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First POST: Drip, Drip

BY Micah L. Sifry | Wednesday, September 11 2013

Drip, Drip

  • New documents released by the NSA show repeated violations of its own privacy rules for the handling of Americans' phone records, reports the Guardian. The violations occurred "on a daily basis," Judge Reggie Walton, who is now the FISA court's top judge, wrote.

  • In related news, Rep. Darrell Issa has changed his mind and is now urging another vote on the Amash amendment that would have halted the NSA's collection of phone metadata. Issa voted against the Amash proposal in July, when it came within just a few votes of passage.

  • President Obama's new "Review Group on Intelligence and Communications Technologies" is seeking public comment on how the US use its technical sophistication at surveillance "while respecting our commitment to privacy and civil liberties" and "recognizing our need to maintain the public trust." So the Electronic Frontier Foundation is calling on its supporters to chime in, noting in particular the opportunity for people outside the United States to weigh in with comments explaining how the NSA's dragnet programs are harming America's foreign relations.

  • After Johns Hopkins officials asked a computer science professor and cryptography expert to take down a blog post critical of the NSA, critical press attention got the university to back down. Jay Rosen asks some hard questions about the university's actions, and says it makes him worry about academic freedom in the age of the surveillance state.

  • The Atlantic has a nice feature on a recent "cryptoparty" in Germany, where concerns about personal online privacy run high. This one was hosted by a German legislator who belongs to the fledgling Pirate Party, and featured Jacob Applebaum explaining how to use the TOR browser.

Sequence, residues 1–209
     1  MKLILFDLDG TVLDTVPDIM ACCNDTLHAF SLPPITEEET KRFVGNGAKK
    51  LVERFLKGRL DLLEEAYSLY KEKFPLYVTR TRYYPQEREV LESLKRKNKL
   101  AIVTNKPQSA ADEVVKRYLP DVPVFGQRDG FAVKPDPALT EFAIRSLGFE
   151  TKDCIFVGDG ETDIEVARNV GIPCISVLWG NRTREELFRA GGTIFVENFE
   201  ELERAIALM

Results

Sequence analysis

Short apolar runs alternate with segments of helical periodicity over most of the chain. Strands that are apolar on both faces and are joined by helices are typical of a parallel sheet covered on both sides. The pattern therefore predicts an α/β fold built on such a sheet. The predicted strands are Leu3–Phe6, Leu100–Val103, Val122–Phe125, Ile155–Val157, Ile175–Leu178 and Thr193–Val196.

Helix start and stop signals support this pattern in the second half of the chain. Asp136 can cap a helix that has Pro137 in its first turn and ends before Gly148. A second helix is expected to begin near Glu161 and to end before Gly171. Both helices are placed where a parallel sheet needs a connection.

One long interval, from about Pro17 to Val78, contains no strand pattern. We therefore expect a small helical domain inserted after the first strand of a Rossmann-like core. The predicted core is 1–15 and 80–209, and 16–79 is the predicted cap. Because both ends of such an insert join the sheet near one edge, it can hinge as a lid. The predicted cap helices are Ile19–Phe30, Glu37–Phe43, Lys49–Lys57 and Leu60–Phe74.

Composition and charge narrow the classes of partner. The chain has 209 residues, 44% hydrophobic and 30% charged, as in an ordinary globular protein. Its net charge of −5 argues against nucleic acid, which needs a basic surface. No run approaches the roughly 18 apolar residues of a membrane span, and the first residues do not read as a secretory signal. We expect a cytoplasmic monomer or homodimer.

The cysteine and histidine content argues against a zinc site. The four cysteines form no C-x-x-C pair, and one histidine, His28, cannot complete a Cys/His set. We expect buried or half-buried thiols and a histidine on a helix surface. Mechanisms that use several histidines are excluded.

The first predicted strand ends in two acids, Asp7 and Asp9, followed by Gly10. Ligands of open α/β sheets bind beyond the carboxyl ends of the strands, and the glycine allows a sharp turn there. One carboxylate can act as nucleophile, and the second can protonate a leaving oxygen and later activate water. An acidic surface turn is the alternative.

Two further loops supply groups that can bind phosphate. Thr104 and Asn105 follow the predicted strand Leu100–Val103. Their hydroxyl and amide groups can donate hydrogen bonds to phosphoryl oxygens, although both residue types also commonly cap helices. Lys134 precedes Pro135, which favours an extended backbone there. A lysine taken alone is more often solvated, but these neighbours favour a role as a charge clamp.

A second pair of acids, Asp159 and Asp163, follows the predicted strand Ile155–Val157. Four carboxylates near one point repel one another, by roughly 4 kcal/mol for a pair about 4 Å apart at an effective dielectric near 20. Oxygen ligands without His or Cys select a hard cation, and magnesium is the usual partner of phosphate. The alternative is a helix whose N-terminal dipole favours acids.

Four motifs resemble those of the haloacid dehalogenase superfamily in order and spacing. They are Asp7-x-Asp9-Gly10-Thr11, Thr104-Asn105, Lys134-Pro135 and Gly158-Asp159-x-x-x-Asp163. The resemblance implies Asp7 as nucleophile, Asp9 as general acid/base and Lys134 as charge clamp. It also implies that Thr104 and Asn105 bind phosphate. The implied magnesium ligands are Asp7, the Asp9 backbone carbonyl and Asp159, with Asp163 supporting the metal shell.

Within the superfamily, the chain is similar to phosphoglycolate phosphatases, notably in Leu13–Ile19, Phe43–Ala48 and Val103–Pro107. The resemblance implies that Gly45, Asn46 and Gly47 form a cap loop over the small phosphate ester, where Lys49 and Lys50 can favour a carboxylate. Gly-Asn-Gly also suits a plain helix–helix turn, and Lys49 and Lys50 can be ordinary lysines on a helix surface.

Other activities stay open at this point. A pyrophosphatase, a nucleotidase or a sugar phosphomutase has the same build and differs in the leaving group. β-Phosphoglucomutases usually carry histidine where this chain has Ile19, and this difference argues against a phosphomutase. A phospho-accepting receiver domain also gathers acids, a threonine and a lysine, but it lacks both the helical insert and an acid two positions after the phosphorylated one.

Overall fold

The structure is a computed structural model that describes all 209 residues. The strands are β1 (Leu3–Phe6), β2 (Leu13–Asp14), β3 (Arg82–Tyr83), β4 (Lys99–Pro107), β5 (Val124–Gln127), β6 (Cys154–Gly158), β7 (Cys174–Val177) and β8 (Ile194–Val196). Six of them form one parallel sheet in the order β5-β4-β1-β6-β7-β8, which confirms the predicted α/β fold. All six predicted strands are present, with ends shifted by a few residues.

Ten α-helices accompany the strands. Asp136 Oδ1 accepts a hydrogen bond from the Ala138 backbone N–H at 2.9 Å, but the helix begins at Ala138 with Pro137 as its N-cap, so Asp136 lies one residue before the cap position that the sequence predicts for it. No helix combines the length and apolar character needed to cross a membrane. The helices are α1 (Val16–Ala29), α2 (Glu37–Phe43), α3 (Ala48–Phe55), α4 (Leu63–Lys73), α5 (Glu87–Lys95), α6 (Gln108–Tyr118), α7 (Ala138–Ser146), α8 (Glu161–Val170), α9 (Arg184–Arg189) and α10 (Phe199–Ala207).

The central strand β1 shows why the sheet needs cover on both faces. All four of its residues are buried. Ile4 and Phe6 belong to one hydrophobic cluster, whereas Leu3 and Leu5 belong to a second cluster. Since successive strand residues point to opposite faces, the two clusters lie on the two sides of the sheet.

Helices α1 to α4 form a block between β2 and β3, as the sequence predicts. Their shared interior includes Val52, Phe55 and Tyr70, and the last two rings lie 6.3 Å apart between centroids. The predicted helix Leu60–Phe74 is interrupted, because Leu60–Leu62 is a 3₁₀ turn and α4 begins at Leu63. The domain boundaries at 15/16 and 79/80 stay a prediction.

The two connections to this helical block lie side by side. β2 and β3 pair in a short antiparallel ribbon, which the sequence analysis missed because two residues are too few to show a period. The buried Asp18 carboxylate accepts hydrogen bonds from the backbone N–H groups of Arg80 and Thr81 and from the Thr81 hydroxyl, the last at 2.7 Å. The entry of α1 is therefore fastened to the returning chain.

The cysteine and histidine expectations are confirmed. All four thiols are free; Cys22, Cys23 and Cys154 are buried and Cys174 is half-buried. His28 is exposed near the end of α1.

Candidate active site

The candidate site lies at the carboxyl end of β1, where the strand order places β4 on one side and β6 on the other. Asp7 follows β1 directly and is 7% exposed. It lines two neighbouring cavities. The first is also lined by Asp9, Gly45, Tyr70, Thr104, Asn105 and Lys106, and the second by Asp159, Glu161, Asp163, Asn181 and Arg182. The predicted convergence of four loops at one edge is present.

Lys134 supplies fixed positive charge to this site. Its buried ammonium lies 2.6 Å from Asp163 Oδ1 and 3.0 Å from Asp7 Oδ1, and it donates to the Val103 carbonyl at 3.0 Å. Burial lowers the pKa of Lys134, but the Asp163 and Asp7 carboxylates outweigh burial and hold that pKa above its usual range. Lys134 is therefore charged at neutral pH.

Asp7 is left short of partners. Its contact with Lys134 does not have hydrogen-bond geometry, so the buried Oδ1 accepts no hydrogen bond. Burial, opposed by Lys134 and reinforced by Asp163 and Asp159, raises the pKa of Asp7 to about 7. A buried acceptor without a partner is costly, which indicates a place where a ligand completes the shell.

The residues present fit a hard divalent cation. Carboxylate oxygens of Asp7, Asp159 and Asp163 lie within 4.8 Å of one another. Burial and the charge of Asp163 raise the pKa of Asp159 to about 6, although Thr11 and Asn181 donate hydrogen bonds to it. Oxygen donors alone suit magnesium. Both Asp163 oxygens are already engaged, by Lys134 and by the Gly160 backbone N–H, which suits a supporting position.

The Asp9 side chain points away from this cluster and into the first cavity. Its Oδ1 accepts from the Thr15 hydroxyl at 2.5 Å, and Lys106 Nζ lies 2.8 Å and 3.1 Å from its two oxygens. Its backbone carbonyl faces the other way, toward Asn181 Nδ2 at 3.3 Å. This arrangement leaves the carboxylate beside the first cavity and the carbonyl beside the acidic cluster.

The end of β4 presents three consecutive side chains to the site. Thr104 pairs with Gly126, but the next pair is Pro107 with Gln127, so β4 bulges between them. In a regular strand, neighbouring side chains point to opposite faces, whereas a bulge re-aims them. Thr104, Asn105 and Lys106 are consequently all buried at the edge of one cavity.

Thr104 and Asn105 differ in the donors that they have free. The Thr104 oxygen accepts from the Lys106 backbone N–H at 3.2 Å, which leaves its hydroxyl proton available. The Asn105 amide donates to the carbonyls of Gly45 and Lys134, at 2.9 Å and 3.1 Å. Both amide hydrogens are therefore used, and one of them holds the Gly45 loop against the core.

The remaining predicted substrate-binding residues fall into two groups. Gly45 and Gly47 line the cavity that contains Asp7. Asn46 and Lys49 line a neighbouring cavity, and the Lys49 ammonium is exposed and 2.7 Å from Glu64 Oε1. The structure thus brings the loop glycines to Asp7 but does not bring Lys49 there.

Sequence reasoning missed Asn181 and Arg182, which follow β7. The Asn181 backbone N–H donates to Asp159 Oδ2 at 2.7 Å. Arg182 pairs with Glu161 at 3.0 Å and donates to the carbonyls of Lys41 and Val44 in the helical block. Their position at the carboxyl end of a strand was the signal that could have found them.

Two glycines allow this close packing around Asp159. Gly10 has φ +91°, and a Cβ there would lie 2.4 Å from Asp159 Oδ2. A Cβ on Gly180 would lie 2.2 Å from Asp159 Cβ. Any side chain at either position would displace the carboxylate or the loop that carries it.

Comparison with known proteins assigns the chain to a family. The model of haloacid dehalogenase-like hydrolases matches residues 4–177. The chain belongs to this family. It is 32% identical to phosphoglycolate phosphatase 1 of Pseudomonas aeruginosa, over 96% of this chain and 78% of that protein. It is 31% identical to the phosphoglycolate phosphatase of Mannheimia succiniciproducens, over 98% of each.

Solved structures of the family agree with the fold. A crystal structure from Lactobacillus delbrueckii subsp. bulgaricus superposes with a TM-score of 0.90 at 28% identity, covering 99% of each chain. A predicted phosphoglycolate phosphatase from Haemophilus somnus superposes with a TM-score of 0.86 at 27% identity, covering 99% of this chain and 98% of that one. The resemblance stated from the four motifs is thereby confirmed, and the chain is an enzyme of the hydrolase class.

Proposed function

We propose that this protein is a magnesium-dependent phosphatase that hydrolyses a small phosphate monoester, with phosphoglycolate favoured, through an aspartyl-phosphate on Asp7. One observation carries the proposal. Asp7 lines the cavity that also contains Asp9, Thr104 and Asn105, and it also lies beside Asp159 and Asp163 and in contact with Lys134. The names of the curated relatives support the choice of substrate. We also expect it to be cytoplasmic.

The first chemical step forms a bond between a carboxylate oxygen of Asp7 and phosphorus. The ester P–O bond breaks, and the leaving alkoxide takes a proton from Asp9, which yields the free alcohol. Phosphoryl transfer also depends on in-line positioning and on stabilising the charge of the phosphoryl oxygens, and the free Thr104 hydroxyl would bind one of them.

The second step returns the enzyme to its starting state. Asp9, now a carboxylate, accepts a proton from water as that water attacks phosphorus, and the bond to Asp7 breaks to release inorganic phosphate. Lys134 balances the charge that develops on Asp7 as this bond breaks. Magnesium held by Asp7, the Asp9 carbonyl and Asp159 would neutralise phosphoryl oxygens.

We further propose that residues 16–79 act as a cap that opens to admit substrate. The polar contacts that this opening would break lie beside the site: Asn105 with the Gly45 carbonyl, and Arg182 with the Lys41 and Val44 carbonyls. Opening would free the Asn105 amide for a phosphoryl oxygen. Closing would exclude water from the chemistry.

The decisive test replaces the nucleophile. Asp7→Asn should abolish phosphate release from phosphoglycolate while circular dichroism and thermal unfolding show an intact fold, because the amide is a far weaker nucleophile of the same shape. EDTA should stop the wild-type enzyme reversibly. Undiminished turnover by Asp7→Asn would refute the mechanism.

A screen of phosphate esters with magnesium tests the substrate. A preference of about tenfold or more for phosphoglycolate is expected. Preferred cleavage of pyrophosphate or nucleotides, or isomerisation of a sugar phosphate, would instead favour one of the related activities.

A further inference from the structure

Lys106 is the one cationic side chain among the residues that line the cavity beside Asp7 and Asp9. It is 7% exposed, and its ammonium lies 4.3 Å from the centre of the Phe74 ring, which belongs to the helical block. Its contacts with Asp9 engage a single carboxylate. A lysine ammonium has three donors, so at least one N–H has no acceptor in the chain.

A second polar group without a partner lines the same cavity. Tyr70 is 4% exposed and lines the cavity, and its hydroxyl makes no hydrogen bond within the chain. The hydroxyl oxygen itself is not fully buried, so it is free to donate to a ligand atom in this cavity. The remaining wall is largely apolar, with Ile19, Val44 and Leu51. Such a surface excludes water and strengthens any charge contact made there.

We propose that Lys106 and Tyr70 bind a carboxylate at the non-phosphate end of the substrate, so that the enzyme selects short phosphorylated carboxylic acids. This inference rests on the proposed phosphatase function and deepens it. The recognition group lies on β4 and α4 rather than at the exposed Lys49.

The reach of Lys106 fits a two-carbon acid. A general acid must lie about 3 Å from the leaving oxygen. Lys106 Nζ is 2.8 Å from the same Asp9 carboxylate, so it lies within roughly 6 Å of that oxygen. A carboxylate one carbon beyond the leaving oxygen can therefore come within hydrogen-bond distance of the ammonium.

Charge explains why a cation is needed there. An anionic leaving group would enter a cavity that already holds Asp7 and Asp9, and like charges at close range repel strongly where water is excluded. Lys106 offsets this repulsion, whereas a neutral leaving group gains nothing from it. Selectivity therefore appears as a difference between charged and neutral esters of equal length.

In other news around the web:

  • After insisting that it was important, both for America's national security and for the strength of its "democracy," to have Congress vote on authorizing the use of military force in Syria, last night President Obama declared that he was postponing that vote to allow diplomacy to proceed.

  • In Colorado, Republican gun rights supporters successfully recalled two Democratic state senators who represent relatively safe Democratic districts in response to their support for tough new firearms rules. According to theAtlas Project, groups aligned with the Democratic incumbents spent $2.3 million to defend their seats, while the GOP spent just $482,000, 3/4 of that coming from the NRA. Markos Moulitsas of DailyKos also noted that the Democrats ran nearly all of the almost 2,500 ads that were aired during the campaign, whereas the Republicans didn't run one. His takeaway:

    As I've long written, our biggest danger moving forward isn't ideology or public opinion, it's the apathy of our own base. Our base groups -- young voters, ethnic and racial minorities, single women -- are the lowest performing groups. We're in great shape in presidential elections, no doubt. We're in dicier territory in mid-term and special elections.

  • Techies are still pressing for immigration reform, despite the Syria crisis and gridlock in Washington, Politico reports.

  • Tom Slee attacks the "sharing economy" with his characteristic brio, though his real target is the just-launched Peers.org, whose cardinal sin, to Slee, is that it is being funded by companies and VCs more interested in exploiting people than empowering them. Well, IMHO, it's hardly a given that Peers is going to just give cover to rapacious capitalists--why don't we give them a chance to get going first?

  • Wanna know how the recently concluded Australian elections played out on Facebook? Here are your answers. (h/t Katie Harbath)

  • The comedians at Second City have put together this parody of a Kickstarter launch video: this one is from "Americans for Whatever Barack Obama Wants," and it's called "Help Kickstart World War III."

  • Did all fifteen members of Iran's government cabinet just get on Facebook?

  • Alec Ross, the former senior advisor for innovation under Hillary Clinton when she was Secretary of State, is writing a book on the future of globalization for Simon & Schuster.

  • Beth Noveck has posted the curriculum for her "Gov 3.0" Fall 2013 class on "Solving Public Problems with Technology" on GitHub.